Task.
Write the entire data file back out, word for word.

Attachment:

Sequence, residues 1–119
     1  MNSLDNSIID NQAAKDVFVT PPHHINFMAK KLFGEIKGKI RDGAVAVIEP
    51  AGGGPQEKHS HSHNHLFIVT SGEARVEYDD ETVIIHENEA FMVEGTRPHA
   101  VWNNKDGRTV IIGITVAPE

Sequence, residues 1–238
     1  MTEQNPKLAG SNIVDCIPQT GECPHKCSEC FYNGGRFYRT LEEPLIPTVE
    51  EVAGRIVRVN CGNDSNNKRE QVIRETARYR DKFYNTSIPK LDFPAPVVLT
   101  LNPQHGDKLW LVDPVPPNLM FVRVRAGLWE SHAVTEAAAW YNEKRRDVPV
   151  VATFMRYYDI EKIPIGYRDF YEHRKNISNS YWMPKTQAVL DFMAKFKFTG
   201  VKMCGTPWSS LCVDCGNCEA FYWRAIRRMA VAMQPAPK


Sequence, residues 1–119
     1  MNSLDNSIID NQAAKDVFVT PPHHINFMAK KLFGEIKGKI RDGAVAVIEP
    51  AGGGPQEKHS HSHNHLFIVT SGEARVEYDD ETVIIHENEA FMVEGTRPHA
   101  VWNNKDGRTV IIGITVAPE

Sequence, residues 1–238
     1  MTEQNPKLAG SNIVDCIPQT GECPHKCSEC FYNGGRFYRT LEEPLIPTVE
    51  EVAGRIVRVN CGNDSNNKRE QVIRETARYR DKFYNTSIPK LDFPAPVVLT
   101  LNPQHGDKLW LVDPVPPNLM FVRVRAGLWE SHAVTEAAAW YNEKRRDVPV
   151  VATFMRYYDI EKIPIGYRDF YEHRKNISNS YWMPKTQAVL DFMAKFKFTG
   201  VKMCGTPWSS LCVDCGNCEA FYWRAIRRMA VAMQPAPK